The last two articles explored the importance of the academic portion of your MBA application, including your undergraduate performance as well as your GMAT. This article will focus on the other, equally important, side of the coin: your work experience.
Although more schools are now open to considering candidates without post-college experience, most top MBA programs still strongly prefer candidates who have worked a solid two to five years. Schools believe that students with work experience are able to take advantage more fully of the MBA experience, and that they can contribute more to the classroom and to their peers.
What part of your work experience is the most important? Based on my experience as an admissions consultant and previously as Admissions Director, I can point to the following elements:
1. Leadership. More than the type of company you work for, or the type of work you do, the most important element of your work experience is your leadership. This is one of the elements that is given the most weight. Your resume should be packed with concrete evidence of leadership: how many people you supervise, the teams you lead, the size of the budget you manage, and the impact you have had. It’s not enough to say that you are a leader; you must back it up with concrete numbers and achievements.
2. Professional development. In addition to leadership, it’s important to give evidence of growth through promotions within the company or movements to another company for higher responsibility. Besides describing the change in roles, it is important to give evidence of growth and dynamism. Again, specifics matter.
3. Stability. Even though adcoms will want to see progress in and out of the organization, they will also value your professional stability. This means that you should change jobs only when it represents an advancement for your career. Changing jobs every 12 months (or less), for example, shows instability and leads to suspicion about your ability to hold a job—or appeal to on-campus recruiters. Although changes in employment are often necessary and inevitable, try to keep them to a minimum, and if possible, avoid long lapses between jobs, as you will find them difficult to explain in an application later.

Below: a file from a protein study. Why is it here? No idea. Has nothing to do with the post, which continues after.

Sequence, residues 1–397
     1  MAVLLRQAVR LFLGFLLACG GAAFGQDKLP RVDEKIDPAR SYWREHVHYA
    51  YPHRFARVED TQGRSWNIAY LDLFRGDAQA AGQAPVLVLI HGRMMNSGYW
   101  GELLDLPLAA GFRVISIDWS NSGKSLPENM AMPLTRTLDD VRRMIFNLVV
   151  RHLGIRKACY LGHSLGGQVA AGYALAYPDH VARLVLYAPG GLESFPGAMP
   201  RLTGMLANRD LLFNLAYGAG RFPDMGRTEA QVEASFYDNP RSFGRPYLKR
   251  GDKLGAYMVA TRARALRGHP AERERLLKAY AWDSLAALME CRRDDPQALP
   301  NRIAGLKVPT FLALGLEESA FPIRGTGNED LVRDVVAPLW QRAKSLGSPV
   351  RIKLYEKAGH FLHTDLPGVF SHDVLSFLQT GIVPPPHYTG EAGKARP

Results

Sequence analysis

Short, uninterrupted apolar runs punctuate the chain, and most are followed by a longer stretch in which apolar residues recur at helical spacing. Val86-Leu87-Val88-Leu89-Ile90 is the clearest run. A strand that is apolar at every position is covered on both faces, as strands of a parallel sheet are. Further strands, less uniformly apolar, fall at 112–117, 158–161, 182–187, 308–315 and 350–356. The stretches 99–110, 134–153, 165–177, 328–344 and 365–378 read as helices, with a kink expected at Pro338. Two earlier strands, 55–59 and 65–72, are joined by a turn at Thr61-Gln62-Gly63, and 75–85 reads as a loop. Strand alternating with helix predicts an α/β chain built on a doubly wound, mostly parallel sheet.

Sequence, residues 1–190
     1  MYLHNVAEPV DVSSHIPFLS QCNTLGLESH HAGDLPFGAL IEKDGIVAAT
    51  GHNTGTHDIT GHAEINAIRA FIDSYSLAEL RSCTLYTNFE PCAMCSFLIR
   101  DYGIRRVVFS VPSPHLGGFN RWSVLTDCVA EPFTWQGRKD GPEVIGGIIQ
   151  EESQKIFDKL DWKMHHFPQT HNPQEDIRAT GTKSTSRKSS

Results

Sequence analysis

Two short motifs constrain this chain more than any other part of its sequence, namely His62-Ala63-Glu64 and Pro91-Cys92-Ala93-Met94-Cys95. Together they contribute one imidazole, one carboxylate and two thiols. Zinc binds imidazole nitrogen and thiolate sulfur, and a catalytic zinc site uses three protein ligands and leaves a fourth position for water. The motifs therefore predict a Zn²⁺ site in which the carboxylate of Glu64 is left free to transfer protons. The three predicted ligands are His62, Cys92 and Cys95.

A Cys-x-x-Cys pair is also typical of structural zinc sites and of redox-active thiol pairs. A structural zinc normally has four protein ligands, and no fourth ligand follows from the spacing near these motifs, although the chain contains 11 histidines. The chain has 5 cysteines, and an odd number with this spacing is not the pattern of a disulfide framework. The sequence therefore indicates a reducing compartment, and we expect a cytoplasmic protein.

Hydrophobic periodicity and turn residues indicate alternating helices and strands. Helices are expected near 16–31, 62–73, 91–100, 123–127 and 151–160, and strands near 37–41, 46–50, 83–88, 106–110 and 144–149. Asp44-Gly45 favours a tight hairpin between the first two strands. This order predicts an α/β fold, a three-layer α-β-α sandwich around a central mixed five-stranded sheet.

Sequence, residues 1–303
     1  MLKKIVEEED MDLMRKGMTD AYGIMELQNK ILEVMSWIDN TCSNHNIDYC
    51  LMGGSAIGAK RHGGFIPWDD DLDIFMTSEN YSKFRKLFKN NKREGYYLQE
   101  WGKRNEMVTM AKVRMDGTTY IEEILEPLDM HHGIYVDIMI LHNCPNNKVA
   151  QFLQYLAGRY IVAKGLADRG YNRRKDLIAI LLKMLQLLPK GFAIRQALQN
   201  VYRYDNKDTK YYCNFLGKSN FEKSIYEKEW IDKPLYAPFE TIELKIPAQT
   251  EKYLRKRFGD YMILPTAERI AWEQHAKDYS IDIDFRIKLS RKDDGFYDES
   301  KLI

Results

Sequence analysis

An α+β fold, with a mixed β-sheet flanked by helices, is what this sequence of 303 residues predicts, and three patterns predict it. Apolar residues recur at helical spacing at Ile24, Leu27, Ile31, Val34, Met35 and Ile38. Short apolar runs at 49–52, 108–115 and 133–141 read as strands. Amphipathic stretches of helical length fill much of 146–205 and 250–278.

Your resume must display your professional accomplishments with numbers and details. The resume is not a never-ending list of duties and responsibilities, but a quantified record of your achievements. Spend time and attention in building your resume. It is an essential part of the application and consequently one of the keys to your admission to business school.
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Esmeralda Cardenal is a Former Associate Director of Admissions at Yale SOM, Director of MBA Admissions at MSU Broad, and consultant at Cardiff Business School in the UK. Since 2014, she has guided Accepted clients to acceptance in various graduate programs including MBA and master's in finance, business analytics, data science, sustainability, and public policy. Want Esmeralda to help you get Accepted? Click here to get in touch!
• Leadership in Admissions, a free guide
• What MBA Hiring Managers Look For
• How an Admissions Committee Views MBA Work Experience